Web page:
Do you know the feeling of enthusiasm when you decide, yes I am going to eat only healthy food in the rest of my life… and is familiar the recognition that you are following the old bad eating habits again just two weeks after your vow?
Why some people can eat healthily and why others fail? What is the secret of sustaining a healthy diet?
Healthy food can mean very different for different people. For me healthy eating means that I eat as less processed food as possible, I follow a varied and healthy diet and I eat only that many calories as many my body needs. Sounds pretty simple and straight forward but all these presume that I know my body, I know my food and I make healthy choices in the majority of the cases.
In the last ten years, I worked hard to have all the knowledge to get to this point and I know that the learning process has not finished yet. It has been a really long and bumpy road to recognizing my body’s needs and there is no weight loss system what could spare us this experience. We are all different with different lifestyle and different nutritional needs, you can get general advice what works in weight loss, but you have to do the hard work and find out what really works for you.
However, there is one really important recognition in these years, what I would like to share with you.
I have found that every single person – who follows a healthy diet – does this.
This is not a very complicated thing, indeed the simplest advice ever, but it does not mean that it is not the most important in weight management.
There is no such thing that chips “only for visitors” or chocolate “only for the kids”. Once they are in your cupboard you will eat them at one point – if not earlier, – when you putting them in front of your visitors. Crisps, chocolate bars, sweets, biscuits have a particular ability: once they sit on the shelf of your cupboard they can call you anytime, in any situation “come and eat me“. Yes, they can make you forget all about lovely fruits, all about your weight loss goal and the whole healthy lifestyle thing.
What can we do?
And here is the secret
The healthy food products in your house = healthy eating
Fill up your cupboard, fridge and freezer only with healthy products and this way you can reduce the risk of unhealthy eating. The first and most important step is to shop right food. Whatever is in your shopping trolley and later in your cupboard- you are going to eat it.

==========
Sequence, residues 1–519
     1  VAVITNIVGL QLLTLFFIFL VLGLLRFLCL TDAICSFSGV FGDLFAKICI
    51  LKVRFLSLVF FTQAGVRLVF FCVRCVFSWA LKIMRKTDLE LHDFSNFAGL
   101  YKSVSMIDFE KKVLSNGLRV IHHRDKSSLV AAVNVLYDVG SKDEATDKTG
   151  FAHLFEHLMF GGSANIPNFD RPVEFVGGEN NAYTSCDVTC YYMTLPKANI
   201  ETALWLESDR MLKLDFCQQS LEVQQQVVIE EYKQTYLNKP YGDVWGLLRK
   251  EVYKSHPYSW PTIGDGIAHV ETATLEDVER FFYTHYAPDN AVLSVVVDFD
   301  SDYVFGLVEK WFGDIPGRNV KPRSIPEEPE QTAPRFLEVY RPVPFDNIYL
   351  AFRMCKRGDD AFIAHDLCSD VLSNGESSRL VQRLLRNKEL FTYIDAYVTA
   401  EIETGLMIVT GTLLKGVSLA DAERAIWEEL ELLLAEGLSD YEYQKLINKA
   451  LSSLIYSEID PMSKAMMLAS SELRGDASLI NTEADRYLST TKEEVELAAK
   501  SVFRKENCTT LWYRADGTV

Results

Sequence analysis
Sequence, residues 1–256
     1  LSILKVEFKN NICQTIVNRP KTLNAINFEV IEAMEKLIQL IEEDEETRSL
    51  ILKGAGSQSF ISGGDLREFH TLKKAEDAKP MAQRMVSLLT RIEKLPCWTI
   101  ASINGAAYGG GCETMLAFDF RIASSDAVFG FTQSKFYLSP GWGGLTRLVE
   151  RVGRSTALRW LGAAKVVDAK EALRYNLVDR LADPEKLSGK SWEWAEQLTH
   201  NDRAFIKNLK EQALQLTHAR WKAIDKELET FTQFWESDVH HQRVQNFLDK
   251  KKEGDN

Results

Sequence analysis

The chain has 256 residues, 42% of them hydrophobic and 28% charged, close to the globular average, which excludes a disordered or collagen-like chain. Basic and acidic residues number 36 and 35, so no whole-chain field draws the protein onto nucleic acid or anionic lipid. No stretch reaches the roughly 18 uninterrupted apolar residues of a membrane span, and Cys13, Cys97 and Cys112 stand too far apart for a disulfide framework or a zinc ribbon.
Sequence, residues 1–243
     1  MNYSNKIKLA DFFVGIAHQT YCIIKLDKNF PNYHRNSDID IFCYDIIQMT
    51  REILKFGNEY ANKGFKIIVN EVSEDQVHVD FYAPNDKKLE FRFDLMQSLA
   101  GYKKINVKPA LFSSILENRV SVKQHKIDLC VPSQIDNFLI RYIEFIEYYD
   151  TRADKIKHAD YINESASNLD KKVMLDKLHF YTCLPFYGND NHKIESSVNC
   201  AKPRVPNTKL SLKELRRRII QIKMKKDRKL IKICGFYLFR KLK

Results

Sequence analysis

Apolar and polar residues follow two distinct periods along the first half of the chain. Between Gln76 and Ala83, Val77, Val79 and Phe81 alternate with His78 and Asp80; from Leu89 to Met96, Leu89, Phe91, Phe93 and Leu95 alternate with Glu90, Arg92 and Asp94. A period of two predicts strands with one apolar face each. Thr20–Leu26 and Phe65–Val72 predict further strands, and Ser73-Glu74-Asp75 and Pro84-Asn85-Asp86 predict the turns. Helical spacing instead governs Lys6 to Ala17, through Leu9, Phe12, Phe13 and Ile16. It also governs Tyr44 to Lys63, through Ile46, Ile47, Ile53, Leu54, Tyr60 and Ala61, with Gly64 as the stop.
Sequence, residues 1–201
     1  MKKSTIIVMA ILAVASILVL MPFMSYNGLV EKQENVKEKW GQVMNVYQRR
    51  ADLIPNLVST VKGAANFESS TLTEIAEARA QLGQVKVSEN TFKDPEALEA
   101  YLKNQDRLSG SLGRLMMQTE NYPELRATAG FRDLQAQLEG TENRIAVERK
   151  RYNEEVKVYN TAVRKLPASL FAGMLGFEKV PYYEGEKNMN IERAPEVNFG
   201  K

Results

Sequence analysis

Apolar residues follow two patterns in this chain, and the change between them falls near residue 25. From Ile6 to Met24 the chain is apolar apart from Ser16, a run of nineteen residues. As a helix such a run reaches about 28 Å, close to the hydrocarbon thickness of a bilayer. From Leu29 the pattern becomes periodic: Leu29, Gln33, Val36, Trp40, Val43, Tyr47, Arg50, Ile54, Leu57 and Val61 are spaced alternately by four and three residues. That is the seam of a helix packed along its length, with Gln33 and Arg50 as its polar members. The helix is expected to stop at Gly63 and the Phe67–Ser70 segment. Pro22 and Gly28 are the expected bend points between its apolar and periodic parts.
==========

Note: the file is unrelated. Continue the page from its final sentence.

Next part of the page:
Do not worry, you do not need to swap all products at the same time, this is a long process. Focus on one at the time, make a habit of reading food labels and keep looking for the healthiest version. When you make these basic swaps, it always takes a time to get used to the new taste. I know it can be hard first as less sugar, less salt and less artificial taste enhancer means a more modest taste, but it gives an opportunity to can re-discover real flavours again. Adding herbs and spices can give a good balance to our dishes.
Very often the flavoured version of a basic product mean more additives. Good example cereals: the unflavoured original whole grain products usually contain less sugar and additives than the flavoured versions. Okay, nobody wants to chew on tasteless wholegrain box, but you always can add some fresh or dried fruit, nuts, seeds, cinnamon, cocoa powder or no-sugar jam to create your own favorite. They bring not just a better taste, but an additional nutritional value too to the dish and this is also a huge benefit.
Healthy & basic cupboard items
As this blog meant to be practical, I collected the most important items what should be avoided and also their substitutes below. Stock up on these, find recipes to use them and the basics of your healthy eating habits will be strong enough to face with other temptations outside, like in your workplace or at a social event.
Healthy food choices
Crisps; salted; spiced nuts; yoghurt- or chocolate coated nuts; biscuits; cookies; jam tarts; shortbreads; crackers; breakfast biscuits and breakfast bars; chocolate bars; sweets
raw or oven roasted nuts, seeds& seed mixes, dried fruits: raisins, prunes, apricots, figs, dates, nut butter, oat cakes, plain rice cakes, plain bread sticks (check the label), high cocoa content quality chocolate, fresh fruits
Granola; clusters and cereals; instant porridge; flavoured Weetabix; morning spreads like Nutella; Danish pastries; Croissant; pre-packed bakery products like pancake, scone, malt-loaf, yoghurt desserts or other dairy desserts, fatty bacon, salami and sausages, cheese spreads, processed cheese slices
Shreddies; Weetabix original; porridge oats; no-added-sugar muesli; no-added-salt and sugar nut butter like almond or peanut butter; natural live yoghurt, greek style yoghurt, or just slightly flavoured yoghurts (check the ingredients list), lean bacon, ham and smoked fish; eggs; high quality cheeses, preferably low-fat; cottage cheese,
Canned pasta and soups; Pasta kits; Spice mixes; pasta sauces, meal kit; ready made cooking sauces, dips, fatty cut meat, beef dripping
Tinned vegetables: beans, pulses, chickpeas, sweetcorn, tomatoes; passata; some tomato sauces (check the label); dry pulses and pulse mix: lentil, beans, grains; spices, dry and fresh herbs, fresh ginger, chilli; Dried pasta (durum or brown); grains: barley, bulgur, quinoa, couscous, rice(preferably brown), oats, millet; tinned fish: tuna, salmon, mackerel, anchovies, vegetables in jar: grilled pepper, artichokes, olives, pickles: cucumber, beets, peppers, fresh or frozen organic fish, lean meat, poultry & game
frozen ready meals like pizza, garlic bread, pies, lasagna; processed potato products: waffles, chips, fat roast potatoes; frozen party food; battered and breaded fish
Frozen vegetables: pea, carrot, spinach, sweetcorn, broccoli, vegetable mix; Frozen fruits: berries, banana, fruit mix, frozen yoghurt, frozen fish, frozen lean meat, mince, Quorn